The reform team consisted of Singh and Chidambaram. At the official-level, RBI governor S Venkitaramanan, C Rangarajan (deputy governor of RBI), AN Verma (principal secretary), Montek Singh Ahluwalia (commerce secretary), Rakesh Mohan (former deputy governor of RBI) and Ashok Desai (chief consultant to the ministry of finance) helped.
Economic diplomacy also began in Indian embassies. As Ahluwalia notes, reforms in industrial and trade policy were a central focus in the early stages. The major thrust was to address the macro-economic and balance of payments crisis. With the new industrial policy, the biggest hurdles to industrial expansion disappeared. Within a month, came a two-step devaluation of rupee. The Indian economy was finally unshackled.
Leading a minority government with no room for maneuverability, Rao made reforms politically tenable at a time when his own party was out to scuttle it. It was not an easy exercise. There had been many stormy Congress parliamentary party meetings in which senior cabinet ministers like Arjun Singh attacked Rao and Singh for their departure from the Nehruvian model. Rao countered this by paying obeisance to the Nehru-Gandhi family in the new industrial policy and in the budget.
The right-wing BJP, the main opposition party, opposed reforms for the sake of opposing them. The Communists passionately opposed the liberalization policies, terming them as “abject surrender to the IMF”.
Facing flak from all around, Rao had to apply a mild break, which was evident from his famous “Middle path” speech at the World Economic Forum in Davos in 1994. The next two years saw a slower pace after the Congress lost in some states, including his home state, Andhra Pradesh, in 1994. He presented Singh as the spearhead of reforms, while he himself advocated a middle path. But it was his vision that Singh executed. Rao lost the 1996 election amidst charges of corruption and “reforms without a human face”.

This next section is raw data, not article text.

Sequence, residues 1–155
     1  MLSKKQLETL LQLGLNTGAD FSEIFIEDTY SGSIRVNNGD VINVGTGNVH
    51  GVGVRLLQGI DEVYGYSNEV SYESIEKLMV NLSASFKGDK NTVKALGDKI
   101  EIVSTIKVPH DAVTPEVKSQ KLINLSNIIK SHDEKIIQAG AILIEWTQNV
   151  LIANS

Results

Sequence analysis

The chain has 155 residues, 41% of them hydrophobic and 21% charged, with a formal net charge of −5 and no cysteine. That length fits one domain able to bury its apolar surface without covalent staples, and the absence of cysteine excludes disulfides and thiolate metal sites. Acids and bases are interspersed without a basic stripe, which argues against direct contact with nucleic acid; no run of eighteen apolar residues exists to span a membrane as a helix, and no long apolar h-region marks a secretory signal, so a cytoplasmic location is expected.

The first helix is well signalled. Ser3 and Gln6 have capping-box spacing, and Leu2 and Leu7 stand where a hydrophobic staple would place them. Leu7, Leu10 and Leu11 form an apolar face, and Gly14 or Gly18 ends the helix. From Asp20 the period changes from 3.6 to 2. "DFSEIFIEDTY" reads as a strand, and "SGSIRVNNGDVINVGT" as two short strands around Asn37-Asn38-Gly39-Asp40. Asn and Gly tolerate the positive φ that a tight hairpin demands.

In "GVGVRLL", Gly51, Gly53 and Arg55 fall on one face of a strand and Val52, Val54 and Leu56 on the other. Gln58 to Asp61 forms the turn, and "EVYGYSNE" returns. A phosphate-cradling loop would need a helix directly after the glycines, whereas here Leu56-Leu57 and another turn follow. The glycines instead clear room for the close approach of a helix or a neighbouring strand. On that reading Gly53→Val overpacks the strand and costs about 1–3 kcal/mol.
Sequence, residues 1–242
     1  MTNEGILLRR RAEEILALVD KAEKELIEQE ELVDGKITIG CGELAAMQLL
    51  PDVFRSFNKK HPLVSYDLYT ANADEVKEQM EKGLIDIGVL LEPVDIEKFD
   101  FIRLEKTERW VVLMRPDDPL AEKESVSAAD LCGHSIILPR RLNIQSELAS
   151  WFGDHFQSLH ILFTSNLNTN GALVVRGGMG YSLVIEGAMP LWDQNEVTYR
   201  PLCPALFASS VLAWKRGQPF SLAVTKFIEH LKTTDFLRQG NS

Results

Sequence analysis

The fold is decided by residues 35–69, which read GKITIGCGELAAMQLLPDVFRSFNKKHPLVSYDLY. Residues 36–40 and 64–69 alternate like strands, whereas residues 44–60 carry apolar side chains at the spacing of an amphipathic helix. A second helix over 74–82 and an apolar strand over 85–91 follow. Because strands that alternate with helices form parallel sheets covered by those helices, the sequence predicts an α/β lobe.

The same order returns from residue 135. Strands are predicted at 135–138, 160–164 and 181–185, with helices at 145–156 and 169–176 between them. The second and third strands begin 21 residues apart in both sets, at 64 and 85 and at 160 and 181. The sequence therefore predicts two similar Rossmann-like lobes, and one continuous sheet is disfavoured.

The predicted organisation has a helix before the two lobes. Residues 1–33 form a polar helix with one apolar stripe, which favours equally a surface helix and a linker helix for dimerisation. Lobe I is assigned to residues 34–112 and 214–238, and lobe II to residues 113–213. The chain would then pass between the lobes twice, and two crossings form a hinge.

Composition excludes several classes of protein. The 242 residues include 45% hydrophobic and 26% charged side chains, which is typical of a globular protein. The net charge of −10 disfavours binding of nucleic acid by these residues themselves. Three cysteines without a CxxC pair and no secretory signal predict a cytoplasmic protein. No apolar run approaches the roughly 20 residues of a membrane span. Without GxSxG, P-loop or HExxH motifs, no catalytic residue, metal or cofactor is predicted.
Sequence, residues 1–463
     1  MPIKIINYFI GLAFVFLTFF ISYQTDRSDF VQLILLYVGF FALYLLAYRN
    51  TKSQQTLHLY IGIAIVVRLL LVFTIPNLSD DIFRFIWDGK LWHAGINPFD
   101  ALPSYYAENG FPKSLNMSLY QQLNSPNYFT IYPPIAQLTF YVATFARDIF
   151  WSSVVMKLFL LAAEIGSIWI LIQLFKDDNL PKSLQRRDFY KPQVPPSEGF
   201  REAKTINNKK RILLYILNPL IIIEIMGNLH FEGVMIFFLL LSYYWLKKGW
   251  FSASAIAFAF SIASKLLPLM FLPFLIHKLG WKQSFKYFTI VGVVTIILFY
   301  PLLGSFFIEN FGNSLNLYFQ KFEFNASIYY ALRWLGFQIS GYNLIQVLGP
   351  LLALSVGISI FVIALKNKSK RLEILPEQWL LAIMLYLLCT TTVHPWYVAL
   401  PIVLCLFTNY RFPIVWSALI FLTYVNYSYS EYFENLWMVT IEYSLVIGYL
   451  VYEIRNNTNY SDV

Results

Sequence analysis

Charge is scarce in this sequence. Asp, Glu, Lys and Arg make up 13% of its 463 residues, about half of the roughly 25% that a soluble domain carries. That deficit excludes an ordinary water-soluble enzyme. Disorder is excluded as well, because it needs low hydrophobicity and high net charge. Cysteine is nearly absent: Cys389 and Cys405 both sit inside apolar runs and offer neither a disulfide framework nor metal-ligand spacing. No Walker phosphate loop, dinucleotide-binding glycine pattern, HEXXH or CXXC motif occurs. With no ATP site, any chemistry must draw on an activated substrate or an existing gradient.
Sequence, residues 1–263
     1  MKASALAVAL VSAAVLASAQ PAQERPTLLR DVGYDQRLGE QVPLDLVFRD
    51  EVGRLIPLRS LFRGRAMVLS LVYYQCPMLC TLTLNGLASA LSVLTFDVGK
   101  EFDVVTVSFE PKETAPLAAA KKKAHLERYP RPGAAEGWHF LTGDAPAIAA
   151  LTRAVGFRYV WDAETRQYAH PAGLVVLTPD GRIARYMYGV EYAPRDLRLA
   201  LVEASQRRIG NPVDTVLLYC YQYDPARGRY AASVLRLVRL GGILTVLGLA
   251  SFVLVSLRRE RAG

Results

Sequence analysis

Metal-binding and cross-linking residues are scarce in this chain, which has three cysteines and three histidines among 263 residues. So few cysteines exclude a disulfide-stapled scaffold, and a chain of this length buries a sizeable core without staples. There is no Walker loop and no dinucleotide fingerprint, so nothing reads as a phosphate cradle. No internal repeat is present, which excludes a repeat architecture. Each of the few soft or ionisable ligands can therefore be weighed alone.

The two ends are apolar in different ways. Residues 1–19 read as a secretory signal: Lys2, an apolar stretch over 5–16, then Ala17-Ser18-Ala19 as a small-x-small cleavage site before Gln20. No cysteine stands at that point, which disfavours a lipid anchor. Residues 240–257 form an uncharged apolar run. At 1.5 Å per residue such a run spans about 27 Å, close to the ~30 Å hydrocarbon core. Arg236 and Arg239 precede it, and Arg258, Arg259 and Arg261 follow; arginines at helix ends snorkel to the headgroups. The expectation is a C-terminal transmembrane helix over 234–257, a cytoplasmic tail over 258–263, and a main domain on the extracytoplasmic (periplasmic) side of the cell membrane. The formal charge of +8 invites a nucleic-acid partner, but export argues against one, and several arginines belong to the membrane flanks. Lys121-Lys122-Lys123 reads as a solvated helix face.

The successive governments since 1991 (mostly coalition ones) have continued and advocated the free market ideology without any hesitation. When the Congress supported the United Front governments led by Deve Gowda first and then by IK Gujral (1996-1998), the Left-wing parties supported their policies regarding financial sector liberalization, disinvestment and foreign investment, albeit reluctantly.
During the Vajpayee era (1998 -2004), he promoted external liberalization and announced measures to attract private foreign investment on a large scale. Ironically, a comparison of the 2004 election manifestoes of the BJP and the Congress shows that they essentially guaranteed the same things, but couched them in different words. Vajpayee would have gone far ahead had not the Congress put the brakes on reform measures.
Ironically, when Singh became the prime minister, he could not push through the reform process. Unlike Rao, Congress president Sonia Gandhi did not back him fully. Vested interests, trade unions and Left parties which supported UPA 1 from outside, combined with vote-bank politics and populism worked to block reforms.
At the state level, regional partners like the DMK delayed reforms. Above all, Singh was not able to market the reforms to the masses, as they had failed to generate employment corresponding to the high growth. The “human face” concept did not work. The opposition parties dubbed the reforms as pro-rich and anti-poor. During UPA-2, the government was crippled by huge scams. This resulted in halting the process.
While reforms have a broad consensus, the speed is often held hostage by coalition politics and vested interests. Modi believes in reforms and coming from a business-friendly state, wants to speed up the pace but politics is blocking reforms again. The GST and Land Acquisition Bills are examples of politics overtaking economics.